Data Domain Files IPO, Cuts Deal with Quantum

 
 
By Chris Preimesberger  |  Posted 2007-03-30 Email Print this article Print
 
 
 
 
 
 
 

Quantum will receive 390,000 shares of stock when the sale ensues, thanks to a pre-sale cross-licensing agreement with Data Domain.

Data Domain, which makes storage appliances for disk-based backup and network-based disaster recovery, filed a Form S-1 registration statement late on March 30 for an initial public offering of as much as $100 million in common stock.

Goldman Sachs, Morgan Stanley, Thomas Weisel Partners LLC Pacific Crest Securities will underwrite the IPO, according to a preliminary offering document filed with the Securities and Exchange Commission, Reuters reported.
Data Domain said it would have no comment on the filing until April 2, a company spokesperson told eWEEK.
Data Domain, based in Santa Clara, Calif., is seeking a Nasdaq listing under the symbol "DDUP," an abbreviation for "deduplication"—which is one of Data Domains chief stocks in trade. Data deduplication is a process which eliminates redundant data throughout the storage network, allowing for better system performance and efficiency. It is one of the hottest technologies in the storage market at this time.
There are several approaches to this process; Data Domain and others utilize one called "variable length deduplication," which was patented by Quantum. Quantum, based in San Jose, Calif., stands to profit handsomely when Data Domain begins selling its public stock. Data Domain and Quantum have a pre-ordained cross-licensing deal going into the IPO, according to the S-1 filing. Quantum, which makes both digital tape and spinning disk storage products, already has received a total of 390,000 shares of Data Domain stock—pre-sale value, approximately $3.3 million—and can sell it when it goes public. In return, Data Domain will continue to use Quantums veriable length de-duplication process in its product line, with no legal strings attached. "In the fourth quarter of 2006, we received an inquiry from Quantum Corporation regarding our interest in licensing certain patents that Quantum believed we may have previously incorporated into our products or may incorporate in the future," Data Domain states in the S-1 filing. Click here to read about how deduplication is the leading trend in storage. "As a result of our discussions with Quantum, which commenced in 2006, we entered into a patent cross-license agreement in March 2007, with an effective date of January 1, 2007. "Under the terms of the cross-license, we issued Quantum 390,000 shares of our common stock in March 2007. We engaged an independent third-party valuation firm to assist us in valuing the shares of our common stock as of the date of issuance. Based on this valuation, the value of the common stock issued under the agreement was approximately $3.3 million," Data Domain stated. "The balance of the settlement amount represents payment to Quantum for a release of all claims for any past acts or conduct, and we have recorded the amount as settlement expense in our consolidated statements of operations for the year ended December 31, 2006," Data Domain said. The Data Domain board of directors approved the IPO filing on March 26. Check out eWEEK.coms for the latest news, reviews and analysis on enterprise and small business storage hardware and software.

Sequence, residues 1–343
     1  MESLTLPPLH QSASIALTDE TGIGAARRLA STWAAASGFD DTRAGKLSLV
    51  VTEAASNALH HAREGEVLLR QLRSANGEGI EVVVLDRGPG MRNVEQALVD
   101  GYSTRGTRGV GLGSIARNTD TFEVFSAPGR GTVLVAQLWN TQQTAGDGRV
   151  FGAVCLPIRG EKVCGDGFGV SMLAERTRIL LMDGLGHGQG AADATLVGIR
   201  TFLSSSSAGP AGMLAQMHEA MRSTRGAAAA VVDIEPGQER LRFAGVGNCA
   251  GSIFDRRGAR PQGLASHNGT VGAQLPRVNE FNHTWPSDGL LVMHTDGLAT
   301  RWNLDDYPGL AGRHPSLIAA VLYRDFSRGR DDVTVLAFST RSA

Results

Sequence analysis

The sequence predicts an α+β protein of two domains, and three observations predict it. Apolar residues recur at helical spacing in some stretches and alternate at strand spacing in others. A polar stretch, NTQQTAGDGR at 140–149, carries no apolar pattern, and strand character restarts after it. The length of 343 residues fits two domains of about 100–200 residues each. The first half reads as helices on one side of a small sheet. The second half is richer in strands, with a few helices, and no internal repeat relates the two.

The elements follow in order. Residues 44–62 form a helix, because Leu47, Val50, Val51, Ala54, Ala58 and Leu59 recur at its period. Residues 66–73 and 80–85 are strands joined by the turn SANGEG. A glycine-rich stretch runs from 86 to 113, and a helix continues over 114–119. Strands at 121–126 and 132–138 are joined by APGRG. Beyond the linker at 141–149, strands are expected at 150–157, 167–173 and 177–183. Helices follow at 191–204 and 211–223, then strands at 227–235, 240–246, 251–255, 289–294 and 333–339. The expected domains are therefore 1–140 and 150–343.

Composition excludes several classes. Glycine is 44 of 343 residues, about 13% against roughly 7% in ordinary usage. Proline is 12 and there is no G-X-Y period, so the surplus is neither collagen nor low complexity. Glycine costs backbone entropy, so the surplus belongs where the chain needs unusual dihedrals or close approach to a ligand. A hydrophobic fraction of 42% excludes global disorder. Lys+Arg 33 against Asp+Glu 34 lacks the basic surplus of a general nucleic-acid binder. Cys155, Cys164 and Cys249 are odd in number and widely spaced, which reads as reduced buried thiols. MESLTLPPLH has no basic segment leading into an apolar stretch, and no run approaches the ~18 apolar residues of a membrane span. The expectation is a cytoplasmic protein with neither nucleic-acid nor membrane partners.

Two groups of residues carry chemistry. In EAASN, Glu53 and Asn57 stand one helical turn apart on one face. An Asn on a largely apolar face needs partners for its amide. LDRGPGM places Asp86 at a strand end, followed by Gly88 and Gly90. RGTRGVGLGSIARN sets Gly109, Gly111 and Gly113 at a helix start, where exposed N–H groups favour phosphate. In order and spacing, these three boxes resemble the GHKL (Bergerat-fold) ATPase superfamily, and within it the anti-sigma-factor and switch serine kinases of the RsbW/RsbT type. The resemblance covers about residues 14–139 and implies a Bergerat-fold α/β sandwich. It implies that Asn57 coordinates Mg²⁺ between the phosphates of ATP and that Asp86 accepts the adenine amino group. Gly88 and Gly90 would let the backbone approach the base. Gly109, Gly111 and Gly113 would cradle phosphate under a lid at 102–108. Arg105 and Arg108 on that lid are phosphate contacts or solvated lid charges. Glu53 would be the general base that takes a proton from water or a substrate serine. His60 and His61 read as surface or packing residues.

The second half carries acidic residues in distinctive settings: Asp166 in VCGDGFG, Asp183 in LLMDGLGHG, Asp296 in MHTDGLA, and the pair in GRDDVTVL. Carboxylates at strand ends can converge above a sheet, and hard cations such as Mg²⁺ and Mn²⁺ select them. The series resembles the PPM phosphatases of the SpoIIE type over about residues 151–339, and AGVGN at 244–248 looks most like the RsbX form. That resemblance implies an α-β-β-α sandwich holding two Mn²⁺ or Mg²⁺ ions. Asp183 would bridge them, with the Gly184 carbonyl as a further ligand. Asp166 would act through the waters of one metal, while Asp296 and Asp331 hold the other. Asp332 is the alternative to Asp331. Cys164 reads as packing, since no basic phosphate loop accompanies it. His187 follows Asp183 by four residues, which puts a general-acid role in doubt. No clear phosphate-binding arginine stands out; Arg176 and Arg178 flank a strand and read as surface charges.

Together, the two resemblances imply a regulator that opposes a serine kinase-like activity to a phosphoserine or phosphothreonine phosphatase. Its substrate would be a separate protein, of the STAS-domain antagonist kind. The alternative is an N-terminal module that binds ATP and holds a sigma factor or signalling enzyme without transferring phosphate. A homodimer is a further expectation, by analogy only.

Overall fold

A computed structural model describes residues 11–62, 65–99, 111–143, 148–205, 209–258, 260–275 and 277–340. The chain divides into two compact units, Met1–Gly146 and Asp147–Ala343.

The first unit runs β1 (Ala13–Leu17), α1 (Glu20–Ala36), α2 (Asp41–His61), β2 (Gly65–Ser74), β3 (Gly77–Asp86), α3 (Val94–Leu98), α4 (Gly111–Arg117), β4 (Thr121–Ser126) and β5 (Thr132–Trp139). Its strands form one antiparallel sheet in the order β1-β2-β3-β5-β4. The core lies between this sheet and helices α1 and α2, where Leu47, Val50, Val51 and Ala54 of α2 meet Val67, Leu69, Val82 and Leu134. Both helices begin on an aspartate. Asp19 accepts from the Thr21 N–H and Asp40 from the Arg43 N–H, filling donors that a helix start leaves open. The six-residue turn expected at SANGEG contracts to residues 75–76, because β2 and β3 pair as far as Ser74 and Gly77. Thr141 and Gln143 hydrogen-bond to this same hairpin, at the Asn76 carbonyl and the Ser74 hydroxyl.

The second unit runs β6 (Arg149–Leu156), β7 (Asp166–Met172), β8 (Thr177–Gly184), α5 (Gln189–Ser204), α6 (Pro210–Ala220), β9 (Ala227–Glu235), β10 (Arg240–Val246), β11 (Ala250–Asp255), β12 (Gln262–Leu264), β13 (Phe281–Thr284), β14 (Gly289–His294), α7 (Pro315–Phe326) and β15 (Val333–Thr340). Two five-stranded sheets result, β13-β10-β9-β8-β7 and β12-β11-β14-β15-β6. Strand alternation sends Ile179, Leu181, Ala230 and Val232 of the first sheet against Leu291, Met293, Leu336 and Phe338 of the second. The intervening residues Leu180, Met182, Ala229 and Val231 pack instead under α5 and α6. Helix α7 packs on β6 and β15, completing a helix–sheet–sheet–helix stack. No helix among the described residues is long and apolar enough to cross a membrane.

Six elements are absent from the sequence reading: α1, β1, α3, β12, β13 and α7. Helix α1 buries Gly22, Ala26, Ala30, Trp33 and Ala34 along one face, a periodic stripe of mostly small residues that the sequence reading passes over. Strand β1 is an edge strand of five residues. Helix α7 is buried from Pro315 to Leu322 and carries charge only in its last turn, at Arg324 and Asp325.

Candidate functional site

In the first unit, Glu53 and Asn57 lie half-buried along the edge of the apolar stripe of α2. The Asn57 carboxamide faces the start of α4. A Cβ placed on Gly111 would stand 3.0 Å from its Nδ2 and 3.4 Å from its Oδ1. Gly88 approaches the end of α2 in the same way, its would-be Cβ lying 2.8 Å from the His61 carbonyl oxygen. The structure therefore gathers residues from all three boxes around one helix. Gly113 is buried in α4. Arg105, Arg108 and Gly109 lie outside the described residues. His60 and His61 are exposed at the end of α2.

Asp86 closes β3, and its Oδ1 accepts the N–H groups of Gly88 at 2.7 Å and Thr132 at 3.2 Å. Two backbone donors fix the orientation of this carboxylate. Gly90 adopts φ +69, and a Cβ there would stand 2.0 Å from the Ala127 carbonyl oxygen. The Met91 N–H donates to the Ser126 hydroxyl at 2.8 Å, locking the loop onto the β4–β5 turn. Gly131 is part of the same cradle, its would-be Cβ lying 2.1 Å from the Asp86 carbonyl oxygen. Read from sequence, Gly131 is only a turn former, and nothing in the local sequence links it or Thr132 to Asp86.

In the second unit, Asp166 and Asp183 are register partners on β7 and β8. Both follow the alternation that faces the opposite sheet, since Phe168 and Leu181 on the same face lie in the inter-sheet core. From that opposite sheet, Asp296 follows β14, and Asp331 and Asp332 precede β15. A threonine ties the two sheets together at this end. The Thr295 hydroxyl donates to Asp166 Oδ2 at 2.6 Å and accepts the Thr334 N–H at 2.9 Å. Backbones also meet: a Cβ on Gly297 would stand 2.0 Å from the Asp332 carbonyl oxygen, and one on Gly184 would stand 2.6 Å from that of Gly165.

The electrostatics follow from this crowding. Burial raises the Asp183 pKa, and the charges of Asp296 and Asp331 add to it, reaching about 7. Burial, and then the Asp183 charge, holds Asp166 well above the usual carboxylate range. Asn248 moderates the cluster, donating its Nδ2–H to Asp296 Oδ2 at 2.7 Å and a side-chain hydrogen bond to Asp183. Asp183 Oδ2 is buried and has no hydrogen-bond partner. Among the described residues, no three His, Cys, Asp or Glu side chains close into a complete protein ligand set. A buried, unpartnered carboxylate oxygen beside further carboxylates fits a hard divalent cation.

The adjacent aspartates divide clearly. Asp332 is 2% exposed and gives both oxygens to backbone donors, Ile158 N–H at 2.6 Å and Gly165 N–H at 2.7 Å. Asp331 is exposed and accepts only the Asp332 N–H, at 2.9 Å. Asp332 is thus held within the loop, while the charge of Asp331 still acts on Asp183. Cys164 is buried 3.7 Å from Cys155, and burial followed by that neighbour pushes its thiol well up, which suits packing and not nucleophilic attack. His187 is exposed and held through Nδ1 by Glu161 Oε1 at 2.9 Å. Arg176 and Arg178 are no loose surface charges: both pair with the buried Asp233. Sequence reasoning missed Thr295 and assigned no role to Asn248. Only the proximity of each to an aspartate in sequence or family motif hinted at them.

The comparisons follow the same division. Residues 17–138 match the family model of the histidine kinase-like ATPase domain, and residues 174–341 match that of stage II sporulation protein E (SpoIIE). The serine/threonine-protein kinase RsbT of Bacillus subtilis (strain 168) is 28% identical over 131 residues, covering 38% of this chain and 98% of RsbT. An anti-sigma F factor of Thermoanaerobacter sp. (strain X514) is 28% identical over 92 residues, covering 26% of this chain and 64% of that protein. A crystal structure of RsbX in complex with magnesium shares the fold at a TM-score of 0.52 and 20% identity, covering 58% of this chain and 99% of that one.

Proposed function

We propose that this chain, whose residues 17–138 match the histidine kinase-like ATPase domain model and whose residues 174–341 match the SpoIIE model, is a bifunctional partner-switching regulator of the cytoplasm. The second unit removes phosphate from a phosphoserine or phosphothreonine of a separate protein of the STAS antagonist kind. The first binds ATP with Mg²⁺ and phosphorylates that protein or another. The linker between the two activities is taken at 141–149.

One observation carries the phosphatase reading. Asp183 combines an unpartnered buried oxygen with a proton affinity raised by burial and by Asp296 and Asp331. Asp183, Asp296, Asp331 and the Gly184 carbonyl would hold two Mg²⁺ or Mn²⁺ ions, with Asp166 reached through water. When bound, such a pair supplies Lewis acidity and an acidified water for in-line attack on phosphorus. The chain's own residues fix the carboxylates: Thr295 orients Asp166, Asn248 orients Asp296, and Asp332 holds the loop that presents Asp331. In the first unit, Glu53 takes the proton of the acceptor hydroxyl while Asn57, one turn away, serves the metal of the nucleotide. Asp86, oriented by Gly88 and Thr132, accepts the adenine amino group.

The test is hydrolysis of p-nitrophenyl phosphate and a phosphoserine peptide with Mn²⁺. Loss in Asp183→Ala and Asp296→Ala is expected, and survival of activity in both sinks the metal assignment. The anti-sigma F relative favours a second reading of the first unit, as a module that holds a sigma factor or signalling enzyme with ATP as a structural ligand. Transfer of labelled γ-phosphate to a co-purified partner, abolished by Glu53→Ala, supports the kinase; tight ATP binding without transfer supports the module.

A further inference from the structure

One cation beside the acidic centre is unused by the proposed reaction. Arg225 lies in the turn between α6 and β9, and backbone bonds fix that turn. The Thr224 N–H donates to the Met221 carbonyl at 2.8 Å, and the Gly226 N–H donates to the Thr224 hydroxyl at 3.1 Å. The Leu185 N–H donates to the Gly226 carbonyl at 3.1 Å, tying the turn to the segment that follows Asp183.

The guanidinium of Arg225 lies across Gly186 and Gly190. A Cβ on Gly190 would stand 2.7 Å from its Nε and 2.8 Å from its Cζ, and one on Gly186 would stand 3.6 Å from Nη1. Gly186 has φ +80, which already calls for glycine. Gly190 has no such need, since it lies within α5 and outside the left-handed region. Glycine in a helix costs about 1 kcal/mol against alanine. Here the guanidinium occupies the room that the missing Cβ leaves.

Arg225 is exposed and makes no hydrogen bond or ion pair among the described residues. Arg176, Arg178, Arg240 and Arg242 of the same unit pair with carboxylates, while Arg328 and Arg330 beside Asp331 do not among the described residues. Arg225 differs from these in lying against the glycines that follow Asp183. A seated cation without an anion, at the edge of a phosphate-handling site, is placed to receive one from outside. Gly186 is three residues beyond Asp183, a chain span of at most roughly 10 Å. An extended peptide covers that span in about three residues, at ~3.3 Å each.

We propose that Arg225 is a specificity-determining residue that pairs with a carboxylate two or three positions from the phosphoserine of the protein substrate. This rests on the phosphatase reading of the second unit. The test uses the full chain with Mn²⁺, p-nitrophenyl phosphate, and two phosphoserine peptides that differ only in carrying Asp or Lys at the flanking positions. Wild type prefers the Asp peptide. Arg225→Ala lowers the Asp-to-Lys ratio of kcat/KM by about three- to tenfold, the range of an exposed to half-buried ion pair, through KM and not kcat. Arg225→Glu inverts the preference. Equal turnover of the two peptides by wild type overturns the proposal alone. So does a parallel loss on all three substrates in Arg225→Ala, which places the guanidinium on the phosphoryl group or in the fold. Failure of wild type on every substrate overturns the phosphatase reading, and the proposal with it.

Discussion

Chris Preimesberger Chris Preimesberger was named Editor-in-Chief of Features & Analysis at eWEEK in November 2011. Previously he served eWEEK as Senior Writer, covering a range of IT sectors that include data center systems, cloud computing, storage, virtualization, green IT, e-discovery and IT governance. His blog, Storage Station, is considered a go-to information source. Chris won a national Folio Award for magazine writing in November 2011 for a cover story on Salesforce.com and CEO-founder Marc Benioff, and he has served as a judge for the SIIA Codie Awards since 2005. In previous IT journalism, Chris was a founding editor of both IT Manager's Journal and DevX.com and was managing editor of Software Development magazine. His diverse resume also includes: sportswriter for the Los Angeles Daily News, covering NCAA and NBA basketball, television critic for the Palo Alto Times Tribune, and Sports Information Director at Stanford University. He has served as a correspondent for The Associated Press, covering Stanford and NCAA tournament basketball, since 1983. He has covered a number of major events, including the 1984 Democratic National Convention, a Presidential press conference at the White House in 1993, the Emmy Awards (three times), two Rose Bowls, the Fiesta Bowl, several NCAA men's and women's basketball tournaments, a Formula One Grand Prix auto race, a heavyweight boxing championship bout (Ali vs. Spinks, 1978), and the 1985 Super Bowl. A 1975 graduate of Pepperdine University in Malibu, Calif., Chris has won more than a dozen regional and national awards for his work. He and his wife, Rebecca, have four children and reside in Redwood City, Calif.Follow on Twitter: editingwhiz
 
 
 
 
 
 
 

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